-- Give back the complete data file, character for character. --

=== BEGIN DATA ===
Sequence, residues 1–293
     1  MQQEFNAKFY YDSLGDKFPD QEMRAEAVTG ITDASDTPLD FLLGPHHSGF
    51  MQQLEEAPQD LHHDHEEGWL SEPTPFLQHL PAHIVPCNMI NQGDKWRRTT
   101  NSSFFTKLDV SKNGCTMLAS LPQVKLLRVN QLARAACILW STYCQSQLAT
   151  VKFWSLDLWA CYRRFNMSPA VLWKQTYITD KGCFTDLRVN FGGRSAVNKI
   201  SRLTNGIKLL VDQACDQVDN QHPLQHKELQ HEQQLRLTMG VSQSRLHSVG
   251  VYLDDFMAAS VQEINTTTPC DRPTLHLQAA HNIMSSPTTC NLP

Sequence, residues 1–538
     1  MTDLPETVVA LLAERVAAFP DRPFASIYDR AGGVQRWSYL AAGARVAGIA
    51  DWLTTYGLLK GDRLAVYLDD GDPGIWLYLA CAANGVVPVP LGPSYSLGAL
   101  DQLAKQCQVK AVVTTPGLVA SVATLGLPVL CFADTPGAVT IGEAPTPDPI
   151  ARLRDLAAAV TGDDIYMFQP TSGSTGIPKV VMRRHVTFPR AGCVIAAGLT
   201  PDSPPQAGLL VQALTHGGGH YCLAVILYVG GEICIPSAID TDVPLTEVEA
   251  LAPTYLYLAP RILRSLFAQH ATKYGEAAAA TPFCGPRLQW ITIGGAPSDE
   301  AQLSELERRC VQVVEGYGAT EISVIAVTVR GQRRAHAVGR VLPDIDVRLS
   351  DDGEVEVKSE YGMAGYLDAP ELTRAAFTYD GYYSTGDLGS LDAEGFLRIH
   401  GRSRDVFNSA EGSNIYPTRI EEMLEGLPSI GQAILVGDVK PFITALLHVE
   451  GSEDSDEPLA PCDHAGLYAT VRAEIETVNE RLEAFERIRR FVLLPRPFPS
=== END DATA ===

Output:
Sequence, residues 1–293
     1  MQQEFNAKFY YDSLGDKFPD QEMRAEAVTG ITDASDTPLD FLLGPHHSGF
    51  MQQLEEAPQD LHHDHEEGWL SEPTPFLQHL PAHIVPCNMI NQGDKWRRTT
   101  NSSFFTKLDV SKNGCTMLAS LPQVKLLRVN QLARAACILW STYCQSQLAT
   151  VKFWSLDLWA CYRRFNMSPA VLWKQTYITD KGCFTDLRVN FGGRSAVNKI
   201  SRLTNGIKLL VDQACDQVDN QHPLQHKELQ HEQQLRLTMG VSQSRLHSVG
   251  VYLDDFMAAS VQEINTTTPC DRPTLHLQAA HNIMSSPTTC NLP

Sequence, residues 1–538
     1  MTDLPETVVA LLAERVAAFP DRPFASIYDR AGGVQRWSYL AAGARVAGIA
    51  DWLTTYGLLK GDRLAVYLDD GDPGIWLYLA CAANGVVPVP LGPSYSLGAL
   101  DQLAKQCQVK AVVTTPGLVA SVATLGLPVL CFADTPGAVT IGEAPTPDPI
   151  ARLRDLAAAV TGDDIYMFQP TSGSTGIPKV VMRRHVTFPR AGCVIAAGLT
   201  PDSPPQAGLL VQALTHGGGH YCLAVILYVG GEICIPSAID TDVPLTEVEA
   251  LAPTYLYLAP RILRSLFAQH ATKYGEAAAA TPFCGPRLQW ITIGGAPSDE
   301  AQLSELERRC VQVVEGYGAT EISVIAVTVR GQRRAHAVGR VLPDIDVRLS
   351  DDGEVEVKSE YGMAGYLDAP ELTRAAFTYD GYYSTGDLGS LDAEGFLRIH
   401  GRSRDVFNSA EGSNIYPTRI EEMLEGLPSI GQAILVGDVK PFITALLHVE
   451  GSEDSDEPLA PCDHAGLYAT VRAEIETVNE RLEAFERIRR FVLLPRPFPS